We don’t know what happened to him. Rampart simply mentions that he’s gone AWOL, and I like to think that means Cody has deserted and that we’ll see him pop up again. What might a reunion with Rex look like? What might it look like for Cody to learn that he didn’t actually kill Kenobi? What might Cody’s next moves be? So I’m hoping – and assuming – that he just deserted, but it’s always possible that Rampart had him executed for treason. If that were the case, Cody’s final statement being an acknowledgement that they have to live with the choices they made becomes tragic rather than noble. But while possible, I doubt that’s the case, and hope it isn’t. Regardless, the point is to have an emotional affect on Crosshair, with him realizing that another ally is gone. Crosshair is, truly, the solitary clone. He’s all alone, serving an Empire that doesn’t care about him.

This is all exactly the kind of stuff I’ve been hoping The Bad Batch leans more and more into: where are the clones at in this post-Order 66 galaxy? How are they processing what’s happening? To have that happen with a clone we know and love like Cody is perfect, and to pair him with Crosshair equally so. It amounts to one of the most thrilling and action-packed episodes of the series, but also one with an incredible amount of heart, emotion, and thoughtfulness. This is Star Wars animation at its best.

One thought on “Star Wars: The Bad Batch: “The Solitary Clone” review!

  1. This was an absolutely stunning episode, and I agree, the best of the TBB series so far, and one of the best of all animated Star Wars. If this was live action, it could easily compare with Andor for its emotional intensity and the complexity of the themes being explored. Crosshair has been characterized as the villain throughout the series but with this episode, one can’t help but feel sorry for him (how did he survive 32 days stranded on Kamino?!). The loneliness and isolation of his position was really underscored, yet still at this point, it’s hard to tell why he is so invested in the Empire. Is it a case of “sunk-cost fallacy”, where he’s made a choice and he refuses to turn back, even if there’s mounting evidence that it was the wrong choice? (I see it all the time in the medical/scientific community!) The final time we see Crosshair in his quarters, it’s apparent that he is awake before the alarm, suggesting he couldn’t sleep that night after what Cody has said about personal choices and having to live with them. It’s reminiscent of The Mandalorian S2 Ep 7 “The Believer”, where Migs Mayfeld says, “As far as I’m concerned, if you can make it through your day and still sleep at night, you’re doin’ better than most.” The suggestion that Crosshair can’t sleep through the night because of his actions is a tantalizing one, and I hope the storywriters continue to explore his development.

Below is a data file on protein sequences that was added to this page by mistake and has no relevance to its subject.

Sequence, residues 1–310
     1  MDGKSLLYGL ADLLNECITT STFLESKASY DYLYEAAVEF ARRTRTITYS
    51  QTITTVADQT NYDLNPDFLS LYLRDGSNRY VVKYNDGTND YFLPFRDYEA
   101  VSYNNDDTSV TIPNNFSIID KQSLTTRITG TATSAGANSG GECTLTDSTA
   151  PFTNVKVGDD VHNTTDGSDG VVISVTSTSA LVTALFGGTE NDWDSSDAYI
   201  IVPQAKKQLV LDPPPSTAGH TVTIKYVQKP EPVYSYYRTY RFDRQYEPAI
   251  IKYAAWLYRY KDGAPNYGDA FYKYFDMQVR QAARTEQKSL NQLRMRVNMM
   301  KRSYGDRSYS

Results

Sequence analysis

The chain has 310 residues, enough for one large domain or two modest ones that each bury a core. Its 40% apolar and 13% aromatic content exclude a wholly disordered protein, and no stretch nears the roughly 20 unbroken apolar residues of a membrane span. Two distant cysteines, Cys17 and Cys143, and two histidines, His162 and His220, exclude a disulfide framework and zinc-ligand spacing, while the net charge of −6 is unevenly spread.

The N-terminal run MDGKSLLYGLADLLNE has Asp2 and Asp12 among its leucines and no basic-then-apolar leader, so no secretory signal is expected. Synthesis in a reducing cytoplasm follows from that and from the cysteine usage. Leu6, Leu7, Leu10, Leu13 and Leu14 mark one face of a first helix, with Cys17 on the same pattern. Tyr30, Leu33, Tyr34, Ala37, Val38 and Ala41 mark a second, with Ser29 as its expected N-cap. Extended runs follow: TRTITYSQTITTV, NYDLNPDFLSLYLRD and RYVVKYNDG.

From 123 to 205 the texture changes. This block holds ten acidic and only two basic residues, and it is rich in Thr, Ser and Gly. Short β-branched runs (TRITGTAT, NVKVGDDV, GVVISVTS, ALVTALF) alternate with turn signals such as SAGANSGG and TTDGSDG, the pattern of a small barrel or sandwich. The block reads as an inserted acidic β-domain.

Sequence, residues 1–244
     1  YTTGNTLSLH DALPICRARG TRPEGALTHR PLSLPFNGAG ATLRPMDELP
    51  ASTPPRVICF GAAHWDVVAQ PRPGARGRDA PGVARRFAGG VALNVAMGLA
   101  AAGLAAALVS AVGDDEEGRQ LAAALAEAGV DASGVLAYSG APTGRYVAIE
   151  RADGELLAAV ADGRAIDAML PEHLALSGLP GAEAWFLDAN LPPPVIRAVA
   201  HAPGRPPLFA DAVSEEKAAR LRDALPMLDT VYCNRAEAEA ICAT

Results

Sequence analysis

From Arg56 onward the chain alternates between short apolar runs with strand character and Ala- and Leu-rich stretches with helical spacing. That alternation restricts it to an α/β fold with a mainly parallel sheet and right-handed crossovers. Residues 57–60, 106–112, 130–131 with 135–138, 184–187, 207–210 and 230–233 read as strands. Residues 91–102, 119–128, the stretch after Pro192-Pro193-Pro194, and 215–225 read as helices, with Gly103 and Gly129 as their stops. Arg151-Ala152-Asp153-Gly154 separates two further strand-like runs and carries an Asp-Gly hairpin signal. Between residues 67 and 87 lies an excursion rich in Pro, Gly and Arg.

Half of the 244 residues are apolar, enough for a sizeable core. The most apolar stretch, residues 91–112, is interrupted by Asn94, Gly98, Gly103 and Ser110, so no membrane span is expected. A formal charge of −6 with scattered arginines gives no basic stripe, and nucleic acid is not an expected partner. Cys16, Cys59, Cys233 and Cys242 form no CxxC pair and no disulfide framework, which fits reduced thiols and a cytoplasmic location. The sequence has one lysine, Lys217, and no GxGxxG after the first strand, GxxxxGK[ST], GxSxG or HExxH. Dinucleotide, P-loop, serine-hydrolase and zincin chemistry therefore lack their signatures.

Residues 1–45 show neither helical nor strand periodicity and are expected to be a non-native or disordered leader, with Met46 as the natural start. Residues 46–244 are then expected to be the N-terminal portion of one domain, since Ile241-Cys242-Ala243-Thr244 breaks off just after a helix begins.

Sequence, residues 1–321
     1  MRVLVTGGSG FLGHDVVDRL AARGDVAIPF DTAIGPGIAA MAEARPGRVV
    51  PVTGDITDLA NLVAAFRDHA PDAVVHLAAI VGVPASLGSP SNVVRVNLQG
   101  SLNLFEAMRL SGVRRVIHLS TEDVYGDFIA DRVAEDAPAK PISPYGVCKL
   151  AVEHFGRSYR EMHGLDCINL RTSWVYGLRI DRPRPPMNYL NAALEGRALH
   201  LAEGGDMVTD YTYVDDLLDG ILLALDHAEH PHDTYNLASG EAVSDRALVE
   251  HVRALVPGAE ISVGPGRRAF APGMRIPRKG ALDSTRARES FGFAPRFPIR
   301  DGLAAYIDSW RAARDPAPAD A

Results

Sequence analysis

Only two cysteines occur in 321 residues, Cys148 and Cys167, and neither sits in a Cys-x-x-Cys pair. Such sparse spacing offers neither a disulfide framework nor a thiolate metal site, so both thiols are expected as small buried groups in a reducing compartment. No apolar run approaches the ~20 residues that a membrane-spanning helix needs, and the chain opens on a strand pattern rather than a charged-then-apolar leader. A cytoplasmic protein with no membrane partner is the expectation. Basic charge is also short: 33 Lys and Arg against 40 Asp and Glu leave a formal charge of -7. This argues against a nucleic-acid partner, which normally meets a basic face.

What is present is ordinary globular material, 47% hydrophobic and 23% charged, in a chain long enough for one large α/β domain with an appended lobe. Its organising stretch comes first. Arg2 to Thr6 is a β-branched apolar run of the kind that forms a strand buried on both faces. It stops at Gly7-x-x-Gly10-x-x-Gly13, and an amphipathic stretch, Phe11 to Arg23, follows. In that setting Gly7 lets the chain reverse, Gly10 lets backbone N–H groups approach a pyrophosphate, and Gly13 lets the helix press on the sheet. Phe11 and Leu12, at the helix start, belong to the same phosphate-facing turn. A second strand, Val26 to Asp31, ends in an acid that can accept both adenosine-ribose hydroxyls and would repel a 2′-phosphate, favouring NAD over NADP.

Liked by 1 person